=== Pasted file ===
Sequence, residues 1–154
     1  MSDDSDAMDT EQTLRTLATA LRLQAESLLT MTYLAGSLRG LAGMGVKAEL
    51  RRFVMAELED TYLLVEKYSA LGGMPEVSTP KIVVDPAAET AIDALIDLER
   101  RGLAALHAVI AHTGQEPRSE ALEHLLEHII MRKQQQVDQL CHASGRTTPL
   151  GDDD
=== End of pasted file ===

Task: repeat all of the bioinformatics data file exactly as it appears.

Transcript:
Sequence, residues 1–154
     1  MSDDSDAMDT EQTLRTLATA LRLQAESLLT MTYLAGSLRG LAGMGVKAEL
    51  RRFVMAELED TYLLVEKYSA LGGMPEVSTP KIVVDPAAET AIDALIDLER
   101  RGLAALHAVI AHTGQEPRSE ALEHLLEHII MRKQQQVDQL CHASGRTTPL
   151  GDDD